U.S. Special Operations forces conducted a large-scale counterterrorism raid on a two-story house in Syria's northwest Idlib Province early Thursday, in pursuit of what one U.S. official told The New York Times was a "high value" target. The Pentagon gave only cursory details of the raid, near Atmeh, a town near the Turkish border. Local aid and monitoring groups said at least 13 bodies were recovered from the wreckage, including some women and children.
"The mission was successful," Pentagon spokesman John Kirby said in a statement released early Thursday. "There were no U.S. casualties. More information will be provided as it becomes available."
Residents of Atmeh said U.S. helicopters flew in low a little after 1 a.m. local time, and a man speaking Arabic said through a loudspeaker that the house was surrounded and women and children should evacuate. "This went on for 45 minutes," nearby resident Omar Saleh told The Associated Press. "There was no response. Then the machine gun fire erupted."
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After "a long, tense standoff," the Times reports, "a major battle erupted, with rocket-propelled grenades and other fire hurtling from the house and surrounding buildings toward the Americans." A U.S. helicopter malfunctioned and had to be blown up on the ground. A senior U.S. military official told the Times there was also an explosion inside the house caused not by U.S. firepower but more likely by the target of the raid blowing himself up. After about two hours, the U.S. forces left in the remaining helicopters.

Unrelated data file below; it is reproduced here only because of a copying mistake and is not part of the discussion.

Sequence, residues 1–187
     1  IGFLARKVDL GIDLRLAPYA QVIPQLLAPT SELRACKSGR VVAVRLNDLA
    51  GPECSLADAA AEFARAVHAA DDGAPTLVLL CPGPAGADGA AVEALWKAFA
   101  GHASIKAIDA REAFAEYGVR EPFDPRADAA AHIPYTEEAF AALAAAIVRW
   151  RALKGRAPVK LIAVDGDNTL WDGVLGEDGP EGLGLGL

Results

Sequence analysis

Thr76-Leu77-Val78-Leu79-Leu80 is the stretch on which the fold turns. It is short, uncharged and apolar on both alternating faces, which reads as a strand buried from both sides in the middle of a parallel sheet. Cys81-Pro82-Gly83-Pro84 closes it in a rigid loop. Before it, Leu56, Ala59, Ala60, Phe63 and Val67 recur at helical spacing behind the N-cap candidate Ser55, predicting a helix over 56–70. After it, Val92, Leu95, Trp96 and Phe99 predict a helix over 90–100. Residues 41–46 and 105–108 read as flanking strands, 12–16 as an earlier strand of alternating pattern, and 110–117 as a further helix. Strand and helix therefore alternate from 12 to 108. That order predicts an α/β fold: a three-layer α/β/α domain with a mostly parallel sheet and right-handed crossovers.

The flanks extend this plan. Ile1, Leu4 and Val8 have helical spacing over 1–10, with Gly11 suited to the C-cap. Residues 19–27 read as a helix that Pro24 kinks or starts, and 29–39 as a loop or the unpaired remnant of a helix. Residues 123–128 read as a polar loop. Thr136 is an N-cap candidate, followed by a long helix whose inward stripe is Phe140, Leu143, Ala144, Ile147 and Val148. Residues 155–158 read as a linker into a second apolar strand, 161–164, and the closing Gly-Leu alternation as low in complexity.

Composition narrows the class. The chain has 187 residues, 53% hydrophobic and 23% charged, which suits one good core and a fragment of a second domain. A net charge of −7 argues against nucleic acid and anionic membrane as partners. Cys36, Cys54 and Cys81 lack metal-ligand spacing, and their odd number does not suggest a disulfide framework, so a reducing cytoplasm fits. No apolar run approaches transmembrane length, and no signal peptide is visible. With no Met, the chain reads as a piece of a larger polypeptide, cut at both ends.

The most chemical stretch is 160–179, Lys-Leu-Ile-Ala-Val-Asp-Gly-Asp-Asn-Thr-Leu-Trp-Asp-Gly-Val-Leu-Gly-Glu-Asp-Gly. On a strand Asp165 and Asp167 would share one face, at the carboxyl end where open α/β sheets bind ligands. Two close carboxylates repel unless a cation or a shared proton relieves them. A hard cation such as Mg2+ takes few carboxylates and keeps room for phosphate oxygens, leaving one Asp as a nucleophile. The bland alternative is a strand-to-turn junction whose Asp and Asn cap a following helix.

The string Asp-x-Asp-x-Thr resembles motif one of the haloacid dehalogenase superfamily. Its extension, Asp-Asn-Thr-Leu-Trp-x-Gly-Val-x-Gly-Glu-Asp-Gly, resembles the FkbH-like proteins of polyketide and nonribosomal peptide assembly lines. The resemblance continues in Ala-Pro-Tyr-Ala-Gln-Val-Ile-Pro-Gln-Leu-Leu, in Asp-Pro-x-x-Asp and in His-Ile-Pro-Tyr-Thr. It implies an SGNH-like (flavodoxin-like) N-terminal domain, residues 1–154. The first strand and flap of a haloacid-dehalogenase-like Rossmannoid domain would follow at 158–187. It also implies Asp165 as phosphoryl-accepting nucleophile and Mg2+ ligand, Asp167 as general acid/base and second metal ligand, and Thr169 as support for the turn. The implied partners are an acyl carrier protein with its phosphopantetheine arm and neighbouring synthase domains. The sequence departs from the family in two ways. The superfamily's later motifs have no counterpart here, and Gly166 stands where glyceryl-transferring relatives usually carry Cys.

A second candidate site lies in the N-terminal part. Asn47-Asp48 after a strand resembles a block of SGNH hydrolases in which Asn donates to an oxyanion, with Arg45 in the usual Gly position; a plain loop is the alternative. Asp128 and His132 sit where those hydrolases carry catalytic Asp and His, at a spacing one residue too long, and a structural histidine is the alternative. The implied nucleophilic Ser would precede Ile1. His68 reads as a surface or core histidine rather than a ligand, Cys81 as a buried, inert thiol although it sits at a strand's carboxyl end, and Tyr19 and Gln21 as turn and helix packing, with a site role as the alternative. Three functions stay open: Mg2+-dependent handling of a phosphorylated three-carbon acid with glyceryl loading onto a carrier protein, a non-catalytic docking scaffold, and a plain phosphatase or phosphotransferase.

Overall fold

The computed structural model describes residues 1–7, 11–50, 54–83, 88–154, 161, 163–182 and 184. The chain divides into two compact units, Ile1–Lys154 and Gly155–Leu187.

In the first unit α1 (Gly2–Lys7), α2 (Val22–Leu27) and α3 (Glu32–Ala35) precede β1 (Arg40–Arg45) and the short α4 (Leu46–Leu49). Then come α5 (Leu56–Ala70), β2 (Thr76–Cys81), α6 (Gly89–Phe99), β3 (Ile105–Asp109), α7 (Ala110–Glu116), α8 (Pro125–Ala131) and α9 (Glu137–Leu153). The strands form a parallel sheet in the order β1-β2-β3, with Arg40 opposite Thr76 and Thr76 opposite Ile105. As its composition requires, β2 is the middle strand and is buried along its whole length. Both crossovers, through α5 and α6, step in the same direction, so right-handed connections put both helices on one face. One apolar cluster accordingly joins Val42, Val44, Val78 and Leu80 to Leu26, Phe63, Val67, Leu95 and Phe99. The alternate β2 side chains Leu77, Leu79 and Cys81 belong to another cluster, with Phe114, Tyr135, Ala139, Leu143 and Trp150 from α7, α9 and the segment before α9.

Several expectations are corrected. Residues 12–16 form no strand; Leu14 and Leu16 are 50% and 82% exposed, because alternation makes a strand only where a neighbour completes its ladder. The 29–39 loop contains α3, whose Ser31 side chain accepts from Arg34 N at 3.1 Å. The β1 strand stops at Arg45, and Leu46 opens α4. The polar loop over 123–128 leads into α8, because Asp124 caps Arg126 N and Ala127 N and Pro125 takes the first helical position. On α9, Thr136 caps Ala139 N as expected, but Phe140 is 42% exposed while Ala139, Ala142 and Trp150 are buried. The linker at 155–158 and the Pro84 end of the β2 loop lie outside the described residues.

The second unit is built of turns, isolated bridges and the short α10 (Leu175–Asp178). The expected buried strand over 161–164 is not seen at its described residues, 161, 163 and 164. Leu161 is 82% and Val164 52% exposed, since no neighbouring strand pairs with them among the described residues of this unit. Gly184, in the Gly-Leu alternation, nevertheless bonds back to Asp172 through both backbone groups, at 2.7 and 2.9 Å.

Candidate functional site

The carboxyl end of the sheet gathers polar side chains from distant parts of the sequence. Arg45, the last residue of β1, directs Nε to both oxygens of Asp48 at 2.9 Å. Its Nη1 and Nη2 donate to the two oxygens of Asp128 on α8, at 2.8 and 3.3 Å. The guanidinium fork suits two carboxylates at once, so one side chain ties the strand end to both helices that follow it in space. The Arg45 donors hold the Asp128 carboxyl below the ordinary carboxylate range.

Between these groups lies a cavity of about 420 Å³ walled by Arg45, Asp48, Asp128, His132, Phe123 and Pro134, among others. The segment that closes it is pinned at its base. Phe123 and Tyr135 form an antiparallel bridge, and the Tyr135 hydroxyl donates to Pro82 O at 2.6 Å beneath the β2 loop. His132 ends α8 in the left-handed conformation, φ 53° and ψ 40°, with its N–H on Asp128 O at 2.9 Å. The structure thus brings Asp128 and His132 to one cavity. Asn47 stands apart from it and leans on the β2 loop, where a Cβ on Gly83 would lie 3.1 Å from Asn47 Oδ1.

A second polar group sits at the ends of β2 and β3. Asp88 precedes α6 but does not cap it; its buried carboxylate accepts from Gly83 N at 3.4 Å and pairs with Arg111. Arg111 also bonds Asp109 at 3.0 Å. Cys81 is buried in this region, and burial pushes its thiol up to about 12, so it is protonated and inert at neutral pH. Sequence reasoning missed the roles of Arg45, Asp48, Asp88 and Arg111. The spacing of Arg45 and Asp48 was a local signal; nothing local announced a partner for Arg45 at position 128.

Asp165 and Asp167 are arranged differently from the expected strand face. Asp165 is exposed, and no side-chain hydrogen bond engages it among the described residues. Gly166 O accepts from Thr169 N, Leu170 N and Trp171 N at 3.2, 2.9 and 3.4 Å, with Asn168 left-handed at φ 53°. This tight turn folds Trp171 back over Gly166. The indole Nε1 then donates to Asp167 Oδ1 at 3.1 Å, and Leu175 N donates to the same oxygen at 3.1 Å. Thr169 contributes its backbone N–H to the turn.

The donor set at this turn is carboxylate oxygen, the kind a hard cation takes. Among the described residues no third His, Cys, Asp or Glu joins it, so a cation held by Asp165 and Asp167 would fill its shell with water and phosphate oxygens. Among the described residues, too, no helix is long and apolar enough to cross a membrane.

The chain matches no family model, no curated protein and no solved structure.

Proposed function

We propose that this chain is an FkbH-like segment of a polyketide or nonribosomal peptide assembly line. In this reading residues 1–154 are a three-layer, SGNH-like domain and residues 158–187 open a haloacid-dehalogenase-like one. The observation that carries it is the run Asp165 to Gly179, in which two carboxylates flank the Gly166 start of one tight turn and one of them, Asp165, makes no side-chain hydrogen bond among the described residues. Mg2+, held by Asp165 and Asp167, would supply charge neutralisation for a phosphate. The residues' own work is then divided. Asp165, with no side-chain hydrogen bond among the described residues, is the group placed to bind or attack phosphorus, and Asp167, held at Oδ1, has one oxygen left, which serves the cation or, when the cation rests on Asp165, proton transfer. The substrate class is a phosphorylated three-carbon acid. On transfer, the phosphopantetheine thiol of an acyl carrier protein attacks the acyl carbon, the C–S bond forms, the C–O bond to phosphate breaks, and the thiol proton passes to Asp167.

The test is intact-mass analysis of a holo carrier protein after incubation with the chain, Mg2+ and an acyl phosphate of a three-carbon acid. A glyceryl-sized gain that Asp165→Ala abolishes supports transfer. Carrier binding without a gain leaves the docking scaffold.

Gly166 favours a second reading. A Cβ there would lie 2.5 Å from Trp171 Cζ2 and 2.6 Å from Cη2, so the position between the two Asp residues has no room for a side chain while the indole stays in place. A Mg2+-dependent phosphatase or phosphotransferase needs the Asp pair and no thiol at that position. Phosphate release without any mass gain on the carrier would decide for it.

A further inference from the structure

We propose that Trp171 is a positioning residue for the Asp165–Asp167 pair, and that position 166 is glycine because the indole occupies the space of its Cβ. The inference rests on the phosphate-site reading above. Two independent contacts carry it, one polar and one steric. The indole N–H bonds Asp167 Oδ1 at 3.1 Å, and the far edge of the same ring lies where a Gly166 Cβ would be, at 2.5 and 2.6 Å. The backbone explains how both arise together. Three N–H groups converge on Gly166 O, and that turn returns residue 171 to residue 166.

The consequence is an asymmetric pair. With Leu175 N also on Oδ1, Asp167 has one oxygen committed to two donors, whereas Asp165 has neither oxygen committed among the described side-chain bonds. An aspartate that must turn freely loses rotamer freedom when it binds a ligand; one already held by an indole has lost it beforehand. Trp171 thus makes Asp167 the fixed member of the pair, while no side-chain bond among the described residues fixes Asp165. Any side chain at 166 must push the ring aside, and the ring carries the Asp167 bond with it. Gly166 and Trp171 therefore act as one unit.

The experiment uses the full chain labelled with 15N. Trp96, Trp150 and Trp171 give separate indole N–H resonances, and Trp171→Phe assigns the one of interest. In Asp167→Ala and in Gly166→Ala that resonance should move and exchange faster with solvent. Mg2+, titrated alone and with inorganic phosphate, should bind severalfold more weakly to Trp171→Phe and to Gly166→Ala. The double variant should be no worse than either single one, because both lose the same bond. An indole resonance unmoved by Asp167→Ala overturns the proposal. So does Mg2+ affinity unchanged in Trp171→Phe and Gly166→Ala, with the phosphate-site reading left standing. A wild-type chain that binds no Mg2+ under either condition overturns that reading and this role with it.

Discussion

"The size, scope, and duration of the battle suggested that the target of the raid was likely a senior Qaeda figure," the Times reports. "The fact that the United States risked sending in commandos, and not just launching airstrikes, also suggested the focus of the raid was a senior figure." U.S. officials said they could make an announcement as early as Thursday, following a DNA analysis.
The Syrian Civil Defense, a first responder group known as the White Helmets, and Britain-based Syrian Observatory for Human Rights monitoring group both said 13 people were killed, including at least four children and two women. A spokesman for the White Helmets said the group "cannot determine whether there were bodies that were retrieved by U.S. forces because there is blood everywhere."
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